What's the buzz

What's the buzz

Vibrating capsule could help treat constipation

Researchers have developed an oral capsule that vibrates as it moves through the digestive tract has shown notable promise as a non-pharmacological treatment for constipation.

In the pilot study, the vibrating capsule was found to nearly double the weekly bowel movements of patients suffering from chronic idiopathic constipation (CIC) and constipation predominant irritable bowel syndrome (C-IBS).

Yishai Ron, MD, lead researcher for the study and director of Neurogastroenterology and Motility at Tel-Aviv Sourasky Medical Center’s Department of Gastroenterology and Hepatology, said despite the widespread use of medication to treat constipation, nearly 50 per cent of patients are unsatisfied with the treatment.

Twenty-six patients took the vibrating capsule twice per week and responded to a daily bowel movement and laxative use questionnaire. All patients initially underwent a two-week preliminary period without the use of laxatives.

Patients reported an increase in spontaneous bowel movements from two to four times per week, as well as a decrease in constipation symptoms, including reduced difficulty in passing stools and incomplete evacuation. The capsule, which houses a small engine inside, is programmed to begin vibrating six to eight hours after swallowing, which cause contractions in the intestine and help move stool through the digestive tract.

Stressful situations make gay, lesbian teens binge drink

A new study has revealed that chronic stress caused by difficult social situations may be the reason behind higher rates of binge drinking by lesbian and gay adolescents compared to their heterosexual peers.

According to the study, lesbian and gay people experience higher rates of physical and mental health problems and chronic stress due to discrimination, rejection, harassment, concealment of sexual orientation, internalised homophobia (negative attitudes toward homosexuality) and other negative experiences leads to poor health.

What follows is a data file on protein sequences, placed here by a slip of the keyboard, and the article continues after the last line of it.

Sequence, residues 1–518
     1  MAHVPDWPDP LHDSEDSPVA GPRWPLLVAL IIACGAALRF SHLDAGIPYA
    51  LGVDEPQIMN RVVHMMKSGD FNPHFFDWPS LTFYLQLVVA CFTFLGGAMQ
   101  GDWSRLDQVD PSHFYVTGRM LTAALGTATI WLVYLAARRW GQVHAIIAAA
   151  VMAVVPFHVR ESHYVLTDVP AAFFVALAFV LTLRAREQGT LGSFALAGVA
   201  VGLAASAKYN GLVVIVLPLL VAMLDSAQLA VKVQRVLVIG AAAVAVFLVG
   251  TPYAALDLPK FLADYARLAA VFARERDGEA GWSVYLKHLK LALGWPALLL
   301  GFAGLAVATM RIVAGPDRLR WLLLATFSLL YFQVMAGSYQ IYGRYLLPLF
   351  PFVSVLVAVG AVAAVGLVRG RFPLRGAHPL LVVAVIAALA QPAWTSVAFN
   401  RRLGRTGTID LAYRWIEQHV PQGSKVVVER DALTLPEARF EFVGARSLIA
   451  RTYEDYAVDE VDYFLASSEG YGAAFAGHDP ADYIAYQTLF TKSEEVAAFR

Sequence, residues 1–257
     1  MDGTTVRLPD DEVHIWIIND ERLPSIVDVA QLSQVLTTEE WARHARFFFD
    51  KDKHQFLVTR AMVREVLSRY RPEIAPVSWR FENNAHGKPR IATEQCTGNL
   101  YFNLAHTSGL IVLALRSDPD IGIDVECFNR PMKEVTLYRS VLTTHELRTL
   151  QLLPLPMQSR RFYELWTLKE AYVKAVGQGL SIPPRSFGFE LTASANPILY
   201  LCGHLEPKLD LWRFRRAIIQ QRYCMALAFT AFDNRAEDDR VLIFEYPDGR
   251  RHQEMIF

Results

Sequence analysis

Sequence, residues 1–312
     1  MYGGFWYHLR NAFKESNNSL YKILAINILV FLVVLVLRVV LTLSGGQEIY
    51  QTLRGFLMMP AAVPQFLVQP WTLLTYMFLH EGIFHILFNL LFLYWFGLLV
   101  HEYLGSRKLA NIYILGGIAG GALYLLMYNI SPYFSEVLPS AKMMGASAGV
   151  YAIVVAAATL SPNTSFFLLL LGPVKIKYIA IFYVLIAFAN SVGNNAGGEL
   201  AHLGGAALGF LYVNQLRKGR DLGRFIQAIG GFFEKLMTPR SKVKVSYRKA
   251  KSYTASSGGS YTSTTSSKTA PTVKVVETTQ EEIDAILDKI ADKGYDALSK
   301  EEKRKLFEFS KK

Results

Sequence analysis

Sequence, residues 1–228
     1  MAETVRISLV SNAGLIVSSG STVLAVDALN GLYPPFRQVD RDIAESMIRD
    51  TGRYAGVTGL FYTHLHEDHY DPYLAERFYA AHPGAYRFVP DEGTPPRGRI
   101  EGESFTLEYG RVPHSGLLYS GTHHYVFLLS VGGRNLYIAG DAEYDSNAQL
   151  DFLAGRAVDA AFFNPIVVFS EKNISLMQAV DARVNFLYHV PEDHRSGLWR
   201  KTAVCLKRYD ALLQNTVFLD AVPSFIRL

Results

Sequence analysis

Lead author Sheree M Schrager, PhD, MS, director of research in the Division of Hospital Medicine at the Saban Research Institute of Children’s Hospital Los Angeles, said that although other studies of adolescents commonly report on sexuality or sexual identity, these general population studies do not typically assess nuanced experiences of stress among sexual minority adolescents.

The scientists have found that internalised homophobia was a significant predictor of binge drinking, while experiencing violence or victimisation was marginally associated with drinking large amounts of alcohol in a short period of time, while those living with their parents were less likely to report binge drinking.

It was also found that feeling connected to the gay community was both positively and negatively associated with binge drinking, as those who felt connected were more likely to report binge drinking, but, community connectedness protected against internalised homophobia, thereby indirectly protecting against heavy episodic drinking.

Smiling can help fight memory loss

A new study has revealed that laughter can help lessen the damage that stress hormone cortisol has on memory and learning ability in the elderly.

According to the researchers at Loma Linda University, there was a significant decrease in cortisol concentrations among both groups who watched a funny video and showed greater improvement in all areas of the memory assessment when compared to controls.
Gurinder Singh Bains said that their findings offer potential clinical and rehabilitative benefits that can be applied to wellness programs for the elderlyand the cognitive components, such as learning ability and delayed recall, become more challenging as people age and are essential to older adults for an improved quality of life.

The researchers said that the less stress one has the better their memory, as humour reduces detrimental stress hormones like cortisol that decrease memory hippocampal neurons, lowers the blood pressure, and increases blood flow and mood state.
Laughter increases the release of endorphins and dopamine in the brain, which provides the positive and beneficial neurochemical changes and makes the immune system function better.